A person can do too much (or too little) of anything. The optimal amount is found where marginal cost (MC) equals marginal benefit (MB). It is a good idea to keep doing something if the MB of the next unit is greater than the MC. In fact, you keep doing it right up to where they are equal (there is a graph below to illustrate this).
So I was glad to see this article in the NY Times Sunday magazine recently: Is Screen Time Really Bad for Kids? by Kim Tingley. It discusses a study done on the effect of screen time on kids. But in addition to looking at the harms (or costs), it also mentions the benefits. One of the costs it mentions is what "they’re not doing instead" or one of economists' favorite concepts, opportunity cost (which is the value of the best foregone alternative). If you are looking at a screen you are not doing something else, like exercising or sleeping. Excerpt:
"they found that “digital-technology use has a small negative association with adolescent well-being.” But to put that association in context, they used the same method to test the relationship between adolescent well-being and other variables. And in all the data sets, smoking marijuana and being bullied were more closely linked with decreased well-being than tech use was; at the same time, getting enough sleep and regularly eating breakfast were more closely tied to positive feelings than screen time was to negative ones. In fact, the strength of the association screen time had with well-being was similar to neutral factors like wearing glasses or regularly eating potatoes.
Not finding a strong association doesn’t mean that screen time is healthy or safe for teenagers. It could come with huge risks that are simply balanced by huge rewards. “The part that people don’t appreciate is that digital technology also has significant benefits,” says Nick Allen, director of the Center for Digital Mental Health at the University of Oregon. These include helping teenagers connect with others. The real conclusion of the Nature paper is that large surveys may be too blunt an instrument to reveal what those risks and benefits truly are. What’s needed are experiments that break “screen time” into its component parts and change one of them in order to see what impact that has and why, says Ronald Dahl, director of the Institute of Human Development at the University of California, Berkeley. A screen-related activity may be beneficial or harmful depending on who is doing it, how much they’re doing it, when they’re doing it and what they’re not doing instead. “If we just respond to emotions or fears about screen time, then we actually could be interfering with our ability to understand some of these deeper questions,” he says."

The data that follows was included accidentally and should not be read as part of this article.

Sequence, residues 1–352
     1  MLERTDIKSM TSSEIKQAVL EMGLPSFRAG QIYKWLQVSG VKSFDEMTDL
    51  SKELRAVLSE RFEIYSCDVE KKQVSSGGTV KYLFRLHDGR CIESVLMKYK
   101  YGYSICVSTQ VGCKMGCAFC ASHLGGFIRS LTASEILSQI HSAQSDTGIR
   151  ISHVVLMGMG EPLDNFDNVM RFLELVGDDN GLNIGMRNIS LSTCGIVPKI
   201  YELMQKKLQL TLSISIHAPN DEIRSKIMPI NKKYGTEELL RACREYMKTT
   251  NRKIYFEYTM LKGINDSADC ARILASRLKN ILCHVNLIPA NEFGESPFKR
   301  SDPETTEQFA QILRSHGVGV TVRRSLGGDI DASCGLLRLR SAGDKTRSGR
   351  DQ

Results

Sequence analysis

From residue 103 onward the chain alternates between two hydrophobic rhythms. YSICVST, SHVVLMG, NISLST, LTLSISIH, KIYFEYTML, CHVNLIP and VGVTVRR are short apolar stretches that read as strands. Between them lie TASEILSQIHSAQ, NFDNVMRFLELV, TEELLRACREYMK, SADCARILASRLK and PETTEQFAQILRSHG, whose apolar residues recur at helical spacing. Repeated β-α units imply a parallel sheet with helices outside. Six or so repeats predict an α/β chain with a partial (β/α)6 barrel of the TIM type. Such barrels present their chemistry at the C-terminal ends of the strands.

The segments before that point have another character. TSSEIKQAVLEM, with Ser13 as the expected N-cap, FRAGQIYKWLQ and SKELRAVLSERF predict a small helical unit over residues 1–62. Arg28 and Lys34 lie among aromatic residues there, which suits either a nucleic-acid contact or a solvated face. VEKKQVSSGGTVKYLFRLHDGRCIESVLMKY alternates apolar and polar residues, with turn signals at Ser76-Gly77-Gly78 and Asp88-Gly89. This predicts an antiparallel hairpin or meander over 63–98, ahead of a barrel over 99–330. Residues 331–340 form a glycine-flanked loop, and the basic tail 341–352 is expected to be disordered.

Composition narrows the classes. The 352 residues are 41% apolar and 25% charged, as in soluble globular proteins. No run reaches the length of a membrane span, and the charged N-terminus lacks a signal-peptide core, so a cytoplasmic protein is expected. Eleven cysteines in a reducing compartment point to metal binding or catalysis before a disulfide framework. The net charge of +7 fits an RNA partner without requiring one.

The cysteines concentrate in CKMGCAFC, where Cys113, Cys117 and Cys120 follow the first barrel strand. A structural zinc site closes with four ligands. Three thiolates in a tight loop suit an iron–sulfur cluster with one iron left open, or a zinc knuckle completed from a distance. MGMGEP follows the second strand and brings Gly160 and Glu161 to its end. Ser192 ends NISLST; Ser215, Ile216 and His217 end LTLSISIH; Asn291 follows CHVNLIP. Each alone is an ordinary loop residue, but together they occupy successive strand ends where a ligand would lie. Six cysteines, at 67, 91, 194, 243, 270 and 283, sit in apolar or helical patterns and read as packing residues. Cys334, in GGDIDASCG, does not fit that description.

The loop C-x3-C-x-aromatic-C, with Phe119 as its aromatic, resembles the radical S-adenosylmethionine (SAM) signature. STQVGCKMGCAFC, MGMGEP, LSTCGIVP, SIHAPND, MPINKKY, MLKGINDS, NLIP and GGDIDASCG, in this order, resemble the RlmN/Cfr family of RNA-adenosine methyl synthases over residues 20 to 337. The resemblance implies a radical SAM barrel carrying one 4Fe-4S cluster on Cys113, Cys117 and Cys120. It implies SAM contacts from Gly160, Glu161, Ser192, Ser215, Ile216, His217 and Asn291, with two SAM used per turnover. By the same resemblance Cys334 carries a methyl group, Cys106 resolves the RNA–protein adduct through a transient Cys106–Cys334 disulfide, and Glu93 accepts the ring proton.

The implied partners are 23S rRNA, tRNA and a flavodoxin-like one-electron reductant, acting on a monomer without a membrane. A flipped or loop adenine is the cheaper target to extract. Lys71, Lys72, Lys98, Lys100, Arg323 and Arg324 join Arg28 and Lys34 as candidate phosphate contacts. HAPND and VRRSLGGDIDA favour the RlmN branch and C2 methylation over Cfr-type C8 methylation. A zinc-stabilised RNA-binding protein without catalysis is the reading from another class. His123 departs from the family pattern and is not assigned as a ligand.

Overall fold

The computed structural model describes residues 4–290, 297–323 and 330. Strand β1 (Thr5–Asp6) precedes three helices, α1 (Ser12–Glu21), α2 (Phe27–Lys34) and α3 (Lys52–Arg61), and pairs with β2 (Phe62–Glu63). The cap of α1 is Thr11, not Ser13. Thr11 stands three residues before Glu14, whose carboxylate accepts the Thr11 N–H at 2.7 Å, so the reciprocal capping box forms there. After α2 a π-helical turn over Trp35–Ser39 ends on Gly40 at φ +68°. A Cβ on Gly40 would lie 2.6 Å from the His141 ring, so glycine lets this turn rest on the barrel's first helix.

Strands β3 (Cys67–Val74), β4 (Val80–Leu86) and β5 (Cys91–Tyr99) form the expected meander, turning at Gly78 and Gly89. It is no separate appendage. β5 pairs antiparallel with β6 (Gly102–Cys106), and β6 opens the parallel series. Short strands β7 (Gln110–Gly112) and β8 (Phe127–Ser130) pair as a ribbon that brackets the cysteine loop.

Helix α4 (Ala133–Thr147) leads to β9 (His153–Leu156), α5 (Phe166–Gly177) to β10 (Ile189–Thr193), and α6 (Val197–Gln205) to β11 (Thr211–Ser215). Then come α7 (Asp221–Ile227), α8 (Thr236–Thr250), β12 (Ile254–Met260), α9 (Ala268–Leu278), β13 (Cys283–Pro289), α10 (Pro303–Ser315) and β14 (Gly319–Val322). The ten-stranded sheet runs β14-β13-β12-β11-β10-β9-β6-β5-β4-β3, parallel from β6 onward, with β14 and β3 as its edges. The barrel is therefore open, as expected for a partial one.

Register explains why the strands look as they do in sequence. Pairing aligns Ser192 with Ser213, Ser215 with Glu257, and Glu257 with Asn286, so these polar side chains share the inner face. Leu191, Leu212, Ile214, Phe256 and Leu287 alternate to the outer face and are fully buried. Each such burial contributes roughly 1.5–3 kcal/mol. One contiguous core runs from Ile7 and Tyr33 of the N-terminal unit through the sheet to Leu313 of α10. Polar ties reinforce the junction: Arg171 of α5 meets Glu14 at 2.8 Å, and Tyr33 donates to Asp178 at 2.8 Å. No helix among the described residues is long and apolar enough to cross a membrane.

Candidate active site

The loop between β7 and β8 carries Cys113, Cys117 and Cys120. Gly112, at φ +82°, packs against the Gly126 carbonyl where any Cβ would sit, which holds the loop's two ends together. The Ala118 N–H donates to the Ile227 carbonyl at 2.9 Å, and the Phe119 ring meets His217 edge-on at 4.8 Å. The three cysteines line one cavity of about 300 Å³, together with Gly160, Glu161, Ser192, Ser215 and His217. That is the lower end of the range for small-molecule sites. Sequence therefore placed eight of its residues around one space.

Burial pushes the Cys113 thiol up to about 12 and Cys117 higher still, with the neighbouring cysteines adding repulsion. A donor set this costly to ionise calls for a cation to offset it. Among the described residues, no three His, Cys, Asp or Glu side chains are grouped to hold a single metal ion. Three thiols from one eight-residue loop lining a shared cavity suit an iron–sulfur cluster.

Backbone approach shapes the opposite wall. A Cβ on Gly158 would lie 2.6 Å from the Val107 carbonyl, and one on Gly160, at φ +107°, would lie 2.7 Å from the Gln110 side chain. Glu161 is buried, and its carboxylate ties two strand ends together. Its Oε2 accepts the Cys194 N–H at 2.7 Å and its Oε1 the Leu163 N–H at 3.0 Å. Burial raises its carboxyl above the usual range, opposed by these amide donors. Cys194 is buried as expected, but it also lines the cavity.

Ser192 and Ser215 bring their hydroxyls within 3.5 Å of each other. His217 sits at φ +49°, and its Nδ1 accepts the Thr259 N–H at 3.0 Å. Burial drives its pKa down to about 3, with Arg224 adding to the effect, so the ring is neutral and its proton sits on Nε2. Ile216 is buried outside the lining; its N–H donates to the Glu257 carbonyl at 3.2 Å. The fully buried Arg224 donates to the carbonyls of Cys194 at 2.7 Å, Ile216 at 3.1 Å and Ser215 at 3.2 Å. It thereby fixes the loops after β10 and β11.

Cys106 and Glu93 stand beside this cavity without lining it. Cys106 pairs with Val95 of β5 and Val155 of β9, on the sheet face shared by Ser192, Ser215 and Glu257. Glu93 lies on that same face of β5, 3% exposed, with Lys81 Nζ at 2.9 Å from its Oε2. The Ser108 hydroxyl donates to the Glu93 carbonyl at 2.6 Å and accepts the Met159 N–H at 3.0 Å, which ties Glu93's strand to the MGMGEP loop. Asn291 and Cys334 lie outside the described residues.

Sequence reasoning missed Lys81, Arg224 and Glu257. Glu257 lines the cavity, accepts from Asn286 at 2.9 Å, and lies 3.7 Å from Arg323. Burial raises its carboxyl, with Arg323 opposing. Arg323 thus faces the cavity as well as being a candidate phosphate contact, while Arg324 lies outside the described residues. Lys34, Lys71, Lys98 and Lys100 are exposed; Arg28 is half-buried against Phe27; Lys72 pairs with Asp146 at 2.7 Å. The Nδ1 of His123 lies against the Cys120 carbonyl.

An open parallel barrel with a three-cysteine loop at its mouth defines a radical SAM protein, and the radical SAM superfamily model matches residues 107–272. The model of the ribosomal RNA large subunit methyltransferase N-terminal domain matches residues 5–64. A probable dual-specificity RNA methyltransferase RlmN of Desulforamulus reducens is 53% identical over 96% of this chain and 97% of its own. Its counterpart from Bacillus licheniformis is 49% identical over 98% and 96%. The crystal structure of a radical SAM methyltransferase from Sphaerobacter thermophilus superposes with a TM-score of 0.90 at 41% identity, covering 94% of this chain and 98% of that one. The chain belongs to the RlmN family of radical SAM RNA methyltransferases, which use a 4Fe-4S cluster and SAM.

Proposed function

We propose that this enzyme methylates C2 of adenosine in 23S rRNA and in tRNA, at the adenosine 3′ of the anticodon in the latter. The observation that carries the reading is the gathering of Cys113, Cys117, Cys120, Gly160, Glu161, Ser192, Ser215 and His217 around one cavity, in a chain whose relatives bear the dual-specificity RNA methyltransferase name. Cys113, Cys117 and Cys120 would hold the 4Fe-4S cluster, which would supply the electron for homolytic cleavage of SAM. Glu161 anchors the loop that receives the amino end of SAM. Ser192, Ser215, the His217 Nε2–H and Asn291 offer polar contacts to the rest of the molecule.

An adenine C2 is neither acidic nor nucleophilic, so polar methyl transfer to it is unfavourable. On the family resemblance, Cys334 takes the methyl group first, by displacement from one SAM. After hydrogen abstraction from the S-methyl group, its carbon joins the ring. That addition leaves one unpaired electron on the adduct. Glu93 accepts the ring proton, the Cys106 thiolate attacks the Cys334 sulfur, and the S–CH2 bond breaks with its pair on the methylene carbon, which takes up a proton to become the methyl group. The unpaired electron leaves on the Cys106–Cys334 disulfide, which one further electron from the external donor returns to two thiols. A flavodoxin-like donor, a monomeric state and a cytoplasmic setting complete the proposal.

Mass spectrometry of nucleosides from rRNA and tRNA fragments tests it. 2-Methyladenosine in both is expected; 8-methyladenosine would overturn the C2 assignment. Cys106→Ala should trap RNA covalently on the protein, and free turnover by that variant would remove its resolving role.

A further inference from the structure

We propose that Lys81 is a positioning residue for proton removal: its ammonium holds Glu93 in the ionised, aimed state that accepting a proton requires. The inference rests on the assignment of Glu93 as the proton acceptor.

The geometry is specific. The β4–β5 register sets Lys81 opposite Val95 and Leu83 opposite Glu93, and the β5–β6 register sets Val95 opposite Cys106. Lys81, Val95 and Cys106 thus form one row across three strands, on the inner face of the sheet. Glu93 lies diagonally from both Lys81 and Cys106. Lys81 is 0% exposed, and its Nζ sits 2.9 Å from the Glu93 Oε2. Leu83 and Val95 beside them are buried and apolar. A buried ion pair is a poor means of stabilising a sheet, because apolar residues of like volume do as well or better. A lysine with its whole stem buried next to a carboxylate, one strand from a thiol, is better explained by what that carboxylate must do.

The graph I mentioned is below and here is some explanation of what it means.
Marginal benefit-The additional benefit received by consuming one more unit of a good.
Marginal cost-The additional cost of producing one more unit of a good.
Suppose that the graph below shows the marginal benefit and marginal cost of some good. The best or optimal amount would be 14, where marginal benefit and marginal cost cross (where they cross is called "allocative efficiency").
Why is this the best quantity? SEE THE GRAPH BELOW. Suppose that we currently have 11 items. If we get the 12th, the cost will be 12 and the benefit will be 16. This makes sense, to spend $12 to get $16 in benefits. It makes sense to keep consuming this item as long as MB > MC. You keep getting better of as we you get closer to 14. It would be a mistake to move beyond 14, since you would be made worse off. We would give up $15 to get the 15th item while it only brought in $13 in benefits. This would make you $2 worse off.
(MC slopes upward since that is consistent with the Law of Increasing Opportunity Cost, the idea that as you produce more of a good, its opportunity cost increases. If you are giving up, say, sleep, to have more screen time, every additional hour of screen time is more costly in terms of sleep lost because 1 hour of lost sleep is not too bad, but losing a 2nd hour hurts more than losing the first hour (or if it is study time, more costly in terms of lower grades). MB slopes downward since every time you consume one more of something, your marginal or additional benefit falls, like when the first slice of pizza is better than the second and the second is better than the third, etc.)